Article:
Ghana’s Parliament has approved a contentious bill proposing custodial sentences ranging from 3 to 5 years for individuals promoting LGBTQ+ rights.

Individuals who willfully promote, sponsor, or support Lesbian, Gay, Bisexual, Transgender, Queer+ (LGBTQ+) activities could face imprisonment for a minimum of six months to a maximum of three years.

The bill, aimed at promoting traditional Ghanaian family values, was debated during parliamentary proceedings, with Member of Parliament for Ningo-Prampram, Sam Nartey George stating that Ghanaians oppose the advocacy of such activities but respect individuals’ privacy.

Explaining the breakdown of the sentences, George emphasized, “For individuals caught engaging in these activities themselves, the punishment ranges from a minimum of six months to a maximum of three years. However, for those actively promoting, sponsoring, or supporting such agendas, the penalty increases to a minimum of three years and a maximum of five years.”

Supporters of the bill contend that it reflects Ghana’s commitment to preserving its cultural identity and moral fabric. They argue that promoting LGBTQ+ rights goes against the core values embedded in Ghanaian society and could potentially lead to moral degradation.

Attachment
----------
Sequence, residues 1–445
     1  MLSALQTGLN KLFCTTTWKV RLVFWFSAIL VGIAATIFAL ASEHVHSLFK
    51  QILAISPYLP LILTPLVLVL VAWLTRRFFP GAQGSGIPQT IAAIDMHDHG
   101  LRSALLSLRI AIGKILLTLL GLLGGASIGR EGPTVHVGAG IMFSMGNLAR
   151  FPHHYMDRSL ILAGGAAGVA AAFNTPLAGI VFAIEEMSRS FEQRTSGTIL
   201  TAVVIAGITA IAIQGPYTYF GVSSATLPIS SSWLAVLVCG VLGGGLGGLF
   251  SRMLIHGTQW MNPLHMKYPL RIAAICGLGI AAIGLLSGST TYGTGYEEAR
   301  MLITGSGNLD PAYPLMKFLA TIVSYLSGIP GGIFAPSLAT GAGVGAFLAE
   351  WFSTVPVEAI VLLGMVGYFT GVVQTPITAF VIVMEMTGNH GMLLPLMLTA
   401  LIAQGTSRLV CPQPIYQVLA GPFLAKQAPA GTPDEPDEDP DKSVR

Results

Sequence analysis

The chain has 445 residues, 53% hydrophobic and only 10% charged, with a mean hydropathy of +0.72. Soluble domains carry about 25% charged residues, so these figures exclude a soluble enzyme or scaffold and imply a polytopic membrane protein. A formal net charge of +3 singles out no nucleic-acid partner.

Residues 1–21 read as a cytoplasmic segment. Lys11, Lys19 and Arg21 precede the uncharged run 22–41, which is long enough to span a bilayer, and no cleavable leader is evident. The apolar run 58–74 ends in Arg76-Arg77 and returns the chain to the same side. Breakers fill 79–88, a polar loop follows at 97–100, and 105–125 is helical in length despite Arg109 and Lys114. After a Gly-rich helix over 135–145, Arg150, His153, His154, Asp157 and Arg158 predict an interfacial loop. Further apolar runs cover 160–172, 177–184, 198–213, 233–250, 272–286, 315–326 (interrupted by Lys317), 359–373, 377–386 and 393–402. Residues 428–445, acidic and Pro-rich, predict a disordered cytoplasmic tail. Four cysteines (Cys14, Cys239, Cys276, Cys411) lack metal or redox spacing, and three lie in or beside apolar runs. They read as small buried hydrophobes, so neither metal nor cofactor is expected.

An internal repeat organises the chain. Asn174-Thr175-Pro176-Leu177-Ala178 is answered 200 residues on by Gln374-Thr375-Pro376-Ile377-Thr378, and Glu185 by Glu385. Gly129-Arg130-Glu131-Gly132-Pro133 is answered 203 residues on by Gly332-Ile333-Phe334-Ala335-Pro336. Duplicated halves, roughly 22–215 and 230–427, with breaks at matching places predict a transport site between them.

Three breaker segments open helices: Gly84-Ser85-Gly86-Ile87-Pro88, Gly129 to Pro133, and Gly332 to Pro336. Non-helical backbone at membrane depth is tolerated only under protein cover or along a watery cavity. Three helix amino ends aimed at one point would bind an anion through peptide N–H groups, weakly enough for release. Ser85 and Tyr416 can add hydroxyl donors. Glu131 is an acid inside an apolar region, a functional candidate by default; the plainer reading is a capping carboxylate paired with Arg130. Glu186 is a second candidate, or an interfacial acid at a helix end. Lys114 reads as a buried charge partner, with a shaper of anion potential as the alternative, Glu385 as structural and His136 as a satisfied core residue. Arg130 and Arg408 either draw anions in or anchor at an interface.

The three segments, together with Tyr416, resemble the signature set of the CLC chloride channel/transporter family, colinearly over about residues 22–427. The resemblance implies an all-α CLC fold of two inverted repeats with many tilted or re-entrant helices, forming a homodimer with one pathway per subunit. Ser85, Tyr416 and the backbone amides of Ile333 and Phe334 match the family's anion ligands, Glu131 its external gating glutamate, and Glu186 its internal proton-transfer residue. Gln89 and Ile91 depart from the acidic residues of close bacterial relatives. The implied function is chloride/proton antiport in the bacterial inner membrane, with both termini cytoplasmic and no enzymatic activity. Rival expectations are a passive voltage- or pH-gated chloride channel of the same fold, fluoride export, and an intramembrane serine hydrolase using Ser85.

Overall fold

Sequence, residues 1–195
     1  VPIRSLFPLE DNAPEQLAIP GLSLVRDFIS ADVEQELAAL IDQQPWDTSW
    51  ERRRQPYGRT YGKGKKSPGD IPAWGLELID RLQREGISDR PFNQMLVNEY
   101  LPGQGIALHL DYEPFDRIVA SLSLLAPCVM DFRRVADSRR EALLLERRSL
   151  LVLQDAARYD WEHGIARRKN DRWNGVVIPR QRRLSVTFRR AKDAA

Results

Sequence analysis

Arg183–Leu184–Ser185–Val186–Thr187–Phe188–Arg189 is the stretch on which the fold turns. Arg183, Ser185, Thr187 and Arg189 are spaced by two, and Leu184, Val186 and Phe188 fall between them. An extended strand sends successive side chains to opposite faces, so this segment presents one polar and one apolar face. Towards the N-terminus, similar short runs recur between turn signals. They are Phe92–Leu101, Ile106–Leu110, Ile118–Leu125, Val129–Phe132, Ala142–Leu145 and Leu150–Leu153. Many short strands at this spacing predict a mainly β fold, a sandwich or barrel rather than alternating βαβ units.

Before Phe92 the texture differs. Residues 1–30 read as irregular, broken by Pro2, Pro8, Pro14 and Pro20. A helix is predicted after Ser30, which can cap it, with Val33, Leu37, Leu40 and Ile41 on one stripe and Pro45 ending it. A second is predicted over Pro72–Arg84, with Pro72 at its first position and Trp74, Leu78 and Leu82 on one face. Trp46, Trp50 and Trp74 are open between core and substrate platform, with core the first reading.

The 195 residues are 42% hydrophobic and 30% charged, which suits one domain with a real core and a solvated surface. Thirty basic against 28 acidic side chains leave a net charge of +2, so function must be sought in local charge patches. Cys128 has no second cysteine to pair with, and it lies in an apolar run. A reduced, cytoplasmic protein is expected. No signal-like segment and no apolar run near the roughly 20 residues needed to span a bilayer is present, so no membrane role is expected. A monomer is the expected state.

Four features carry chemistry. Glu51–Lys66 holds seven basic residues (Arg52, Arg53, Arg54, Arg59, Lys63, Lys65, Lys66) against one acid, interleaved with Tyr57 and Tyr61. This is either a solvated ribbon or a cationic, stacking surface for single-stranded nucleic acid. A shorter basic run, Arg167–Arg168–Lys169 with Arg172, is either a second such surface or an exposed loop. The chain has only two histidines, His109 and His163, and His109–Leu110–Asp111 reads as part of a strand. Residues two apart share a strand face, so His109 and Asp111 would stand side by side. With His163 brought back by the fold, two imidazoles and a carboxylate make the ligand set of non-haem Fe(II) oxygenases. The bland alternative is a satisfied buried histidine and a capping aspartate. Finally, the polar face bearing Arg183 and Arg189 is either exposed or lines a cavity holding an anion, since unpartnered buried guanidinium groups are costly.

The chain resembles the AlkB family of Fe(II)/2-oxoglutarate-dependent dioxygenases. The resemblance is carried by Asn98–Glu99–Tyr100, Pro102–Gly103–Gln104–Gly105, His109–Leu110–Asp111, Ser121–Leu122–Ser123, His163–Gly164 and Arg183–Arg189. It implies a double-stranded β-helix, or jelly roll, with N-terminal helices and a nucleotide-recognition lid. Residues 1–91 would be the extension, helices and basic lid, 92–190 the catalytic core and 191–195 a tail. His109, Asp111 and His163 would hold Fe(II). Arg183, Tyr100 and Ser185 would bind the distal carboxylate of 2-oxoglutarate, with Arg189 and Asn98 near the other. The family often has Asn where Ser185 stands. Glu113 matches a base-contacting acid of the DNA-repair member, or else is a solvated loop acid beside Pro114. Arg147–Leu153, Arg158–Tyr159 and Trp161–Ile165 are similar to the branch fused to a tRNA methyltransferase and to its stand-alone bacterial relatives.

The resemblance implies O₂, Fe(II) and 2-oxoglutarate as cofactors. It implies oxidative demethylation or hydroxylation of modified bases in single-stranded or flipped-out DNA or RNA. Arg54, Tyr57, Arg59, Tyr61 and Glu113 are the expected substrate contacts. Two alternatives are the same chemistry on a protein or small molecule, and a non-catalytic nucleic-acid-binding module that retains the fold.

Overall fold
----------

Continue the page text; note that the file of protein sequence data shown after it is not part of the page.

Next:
However, critics view the legislation as a violation of basic human rights and an infringement on freedom of expression. Human rights advocates, both within Ghana and internationally, have raised concerns about the potential for discrimination and persecution against the LGBTQ+ community.

The passing of this bill has sparked a renewed conversation on the delicate balance between cultural preservation and the protection of individual rights in a rapidly changing global landscape.


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